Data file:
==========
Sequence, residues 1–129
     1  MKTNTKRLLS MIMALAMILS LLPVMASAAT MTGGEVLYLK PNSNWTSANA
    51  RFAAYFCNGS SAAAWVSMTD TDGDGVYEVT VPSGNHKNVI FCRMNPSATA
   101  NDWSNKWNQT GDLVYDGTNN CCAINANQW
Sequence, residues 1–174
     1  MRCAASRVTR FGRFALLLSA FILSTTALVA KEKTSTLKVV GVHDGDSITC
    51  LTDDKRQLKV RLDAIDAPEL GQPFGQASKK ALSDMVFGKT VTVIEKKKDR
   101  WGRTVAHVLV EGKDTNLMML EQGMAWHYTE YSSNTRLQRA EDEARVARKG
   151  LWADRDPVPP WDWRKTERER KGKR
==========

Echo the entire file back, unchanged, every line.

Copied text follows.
Sequence, residues 1–129
     1  MKTNTKRLLS MIMALAMILS LLPVMASAAT MTGGEVLYLK PNSNWTSANA
    51  RFAAYFCNGS SAAAWVSMTD TDGDGVYEVT VPSGNHKNVI FCRMNPSATA
   101  NDWSNKWNQT GDLVYDGTNN CCAINANQW
Sequence, residues 1–174
     1  MRCAASRVTR FGRFALLLSA FILSTTALVA KEKTSTLKVV GVHDGDSITC
    51  LTDDKRQLKV RLDAIDAPEL GQPFGQASKK ALSDMVFGKT VTVIEKKKDR
   101  WGRTVAHVLV EGKDTNLMML EQGMAWHYTE YSSNTRLQRA EDEARVARKG
   151  LWADRDPVPP WDWRKTERER KGKR